A change in iommu groups would/could require a device remove/add cycle to get an updated DMA-mapping (yet-another-overused-term: iommu 'domain').

^ permalink raw reply	[flat|nested] 103+ messages in thread

* Re: [PATCH v4 04/14] PCI/P2PDMA: Clear ACS P2P flags for all devices behind switches
  2018-05-09 14:44                 ` Alex Williamson
@ 2018-05-09 15:52                   ` Don Dutile
  0 siblings, 0 replies; 103+ messages in thread
From: Don Dutile @ 2018-05-09 15:52 UTC (permalink / raw)
  To: Alex Williamson, Stephen Bates
  Cc: Dan Williams, Logan Gunthorpe, Linux Kernel Mailing List,
	linux-pci, linux-nvme, linux-rdma, linux-nvdimm, linux-block,
	Christoph Hellwig, Jens Axboe, Keith Busch, Sagi Grimberg,
	Bjorn Helgaas, Jason Gunthorpe, Max Gurtovoy,
	Jérôme Glisse, Benjamin Herrenschmidt,
	Christian König

On 05/09/2018 10:44 AM, Alex Williamson wrote:
> On Wed, 9 May 2018 12:35:56 +0000
> "Stephen  Bates" <sbates@raithlin.com> wrote:
> 
>> Hi Alex and Don
>>
>>>     Correct, the VM has no concept of the host's IOMMU groups, only
>>> the hypervisor knows about the groups,
>>
>> But as I understand it these groups are usually passed through to VMs
>> on a pre-group basis by the hypervisor? So IOMMU group 1 might be
>> passed to VM A and IOMMU group 2 passed to VM B. So I agree the VM is
>> not aware of IOMMU groupings but it is impacted by them in the sense
>> that if the groupings change the PCI topology presented to the VM
>> needs to change too.
> 
> Hypervisors don't currently expose any topology based on the grouping,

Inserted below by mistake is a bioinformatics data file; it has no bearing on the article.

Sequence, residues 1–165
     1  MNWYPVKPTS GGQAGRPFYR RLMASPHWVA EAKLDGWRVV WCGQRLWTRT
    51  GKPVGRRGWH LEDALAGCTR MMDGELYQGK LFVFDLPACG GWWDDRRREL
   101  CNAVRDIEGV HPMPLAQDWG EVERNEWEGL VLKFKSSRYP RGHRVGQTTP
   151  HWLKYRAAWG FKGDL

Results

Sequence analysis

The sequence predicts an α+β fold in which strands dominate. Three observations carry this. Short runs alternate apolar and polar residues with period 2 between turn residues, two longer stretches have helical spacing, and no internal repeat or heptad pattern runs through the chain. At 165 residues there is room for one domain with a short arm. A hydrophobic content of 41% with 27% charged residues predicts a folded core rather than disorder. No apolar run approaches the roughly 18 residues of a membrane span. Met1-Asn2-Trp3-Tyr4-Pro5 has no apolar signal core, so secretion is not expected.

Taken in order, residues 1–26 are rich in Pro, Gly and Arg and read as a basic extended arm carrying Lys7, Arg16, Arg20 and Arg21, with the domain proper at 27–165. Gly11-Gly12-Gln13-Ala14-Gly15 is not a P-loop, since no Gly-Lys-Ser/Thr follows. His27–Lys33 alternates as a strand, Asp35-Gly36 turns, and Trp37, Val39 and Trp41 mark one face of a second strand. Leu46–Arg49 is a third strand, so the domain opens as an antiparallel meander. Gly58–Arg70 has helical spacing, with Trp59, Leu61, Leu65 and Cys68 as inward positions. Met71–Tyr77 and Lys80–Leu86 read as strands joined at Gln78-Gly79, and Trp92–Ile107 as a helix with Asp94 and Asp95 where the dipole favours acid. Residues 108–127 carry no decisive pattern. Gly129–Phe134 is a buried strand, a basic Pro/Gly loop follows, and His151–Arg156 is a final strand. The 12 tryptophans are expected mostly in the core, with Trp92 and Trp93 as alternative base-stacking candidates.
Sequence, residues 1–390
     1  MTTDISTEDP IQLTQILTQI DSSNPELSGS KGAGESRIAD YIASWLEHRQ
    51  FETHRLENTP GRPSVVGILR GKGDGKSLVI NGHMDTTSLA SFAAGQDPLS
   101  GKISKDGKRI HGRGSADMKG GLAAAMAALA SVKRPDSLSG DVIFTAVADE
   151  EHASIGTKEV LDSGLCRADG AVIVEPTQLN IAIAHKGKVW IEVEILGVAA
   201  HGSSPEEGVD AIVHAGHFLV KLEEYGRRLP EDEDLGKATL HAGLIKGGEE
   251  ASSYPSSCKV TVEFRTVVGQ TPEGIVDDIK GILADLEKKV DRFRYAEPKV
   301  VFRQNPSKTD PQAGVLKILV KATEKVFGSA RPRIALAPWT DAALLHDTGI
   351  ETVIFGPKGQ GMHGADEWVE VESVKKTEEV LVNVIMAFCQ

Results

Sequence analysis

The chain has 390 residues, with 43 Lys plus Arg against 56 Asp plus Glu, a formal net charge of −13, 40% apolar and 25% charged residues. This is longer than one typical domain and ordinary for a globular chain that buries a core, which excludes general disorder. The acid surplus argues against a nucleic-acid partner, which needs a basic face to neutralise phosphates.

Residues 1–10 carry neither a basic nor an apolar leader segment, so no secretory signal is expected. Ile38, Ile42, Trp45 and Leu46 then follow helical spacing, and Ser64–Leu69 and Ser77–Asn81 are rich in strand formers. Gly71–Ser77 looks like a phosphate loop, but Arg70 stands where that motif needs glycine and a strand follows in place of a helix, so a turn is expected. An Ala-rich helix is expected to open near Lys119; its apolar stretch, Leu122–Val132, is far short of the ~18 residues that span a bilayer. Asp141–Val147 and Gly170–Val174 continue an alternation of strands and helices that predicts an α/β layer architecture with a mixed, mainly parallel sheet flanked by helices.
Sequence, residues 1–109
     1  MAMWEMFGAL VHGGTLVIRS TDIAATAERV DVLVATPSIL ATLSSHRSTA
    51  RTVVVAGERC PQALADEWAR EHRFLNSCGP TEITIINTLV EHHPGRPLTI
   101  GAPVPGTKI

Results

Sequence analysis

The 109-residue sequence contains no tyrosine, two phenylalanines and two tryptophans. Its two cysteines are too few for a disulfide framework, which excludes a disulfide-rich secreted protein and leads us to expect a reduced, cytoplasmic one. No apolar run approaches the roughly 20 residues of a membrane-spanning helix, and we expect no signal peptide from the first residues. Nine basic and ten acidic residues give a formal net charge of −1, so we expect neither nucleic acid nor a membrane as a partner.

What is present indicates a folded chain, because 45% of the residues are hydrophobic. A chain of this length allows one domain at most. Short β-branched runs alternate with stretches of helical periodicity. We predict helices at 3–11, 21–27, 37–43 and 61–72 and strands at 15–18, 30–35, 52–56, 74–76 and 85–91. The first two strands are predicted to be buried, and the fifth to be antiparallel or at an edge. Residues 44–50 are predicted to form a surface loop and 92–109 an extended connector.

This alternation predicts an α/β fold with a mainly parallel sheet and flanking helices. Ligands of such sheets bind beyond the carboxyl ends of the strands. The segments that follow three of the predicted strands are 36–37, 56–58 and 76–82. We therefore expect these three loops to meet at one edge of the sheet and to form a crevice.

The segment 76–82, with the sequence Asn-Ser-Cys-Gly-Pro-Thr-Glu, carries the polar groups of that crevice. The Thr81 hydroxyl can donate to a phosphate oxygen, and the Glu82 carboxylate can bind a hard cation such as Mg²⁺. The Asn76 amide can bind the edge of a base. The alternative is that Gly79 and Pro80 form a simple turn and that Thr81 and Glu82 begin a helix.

> the only case where such a concept even makes sense is when a vIOMMU is
> present as devices within the same group cannot have separate address
> spaces.  Our options for exposing such information is also limited, our
> only real option would seem to be placing devices within the same group
> together on a conventional PCI bus to denote the address space
> granularity.  Currently we strongly recommend singleton groups for this
> case and leave any additional configuration constraints to the admin.
> 
> The case you note of a group passed to VM A and another passed to VM B
> is exactly an example of why any sort of dynamic routing change needs to
> have the groups fully released, such as via hot-unplug.  For instance,
> a routing change at a shared node above groups 1 & 2 could result in
> the merging of these groups and there is absolutely no way to handle
> that with portions of the group being owned by two separate VMs after
> the merge.  Thanks,
> 
> Alex
> 
The above is why I stated the host/HV has to do p2p setup *before* device-assignment
is done.
Now, that could be done at boot time (with a mod.conf-like config in host/HV, before VM startup)